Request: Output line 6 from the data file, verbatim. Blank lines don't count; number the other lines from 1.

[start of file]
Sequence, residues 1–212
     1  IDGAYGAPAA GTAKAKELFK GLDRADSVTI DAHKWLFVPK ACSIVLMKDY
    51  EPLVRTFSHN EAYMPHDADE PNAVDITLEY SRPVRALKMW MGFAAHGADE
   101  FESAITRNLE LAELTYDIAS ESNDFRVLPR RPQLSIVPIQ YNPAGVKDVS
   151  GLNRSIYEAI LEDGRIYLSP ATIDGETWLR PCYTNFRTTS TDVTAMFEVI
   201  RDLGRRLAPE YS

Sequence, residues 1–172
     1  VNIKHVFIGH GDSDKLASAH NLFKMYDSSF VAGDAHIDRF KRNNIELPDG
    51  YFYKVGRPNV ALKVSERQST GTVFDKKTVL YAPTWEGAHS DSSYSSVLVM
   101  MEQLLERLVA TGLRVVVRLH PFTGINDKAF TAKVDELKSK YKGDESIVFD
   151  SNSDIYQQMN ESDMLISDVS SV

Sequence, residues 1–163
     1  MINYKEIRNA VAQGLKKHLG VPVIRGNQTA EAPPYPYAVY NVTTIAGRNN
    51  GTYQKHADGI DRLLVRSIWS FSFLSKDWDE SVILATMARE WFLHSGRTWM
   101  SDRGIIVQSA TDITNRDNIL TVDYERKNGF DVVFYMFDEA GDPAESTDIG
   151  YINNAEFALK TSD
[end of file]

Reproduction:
   201  RDLGRRLAPE YS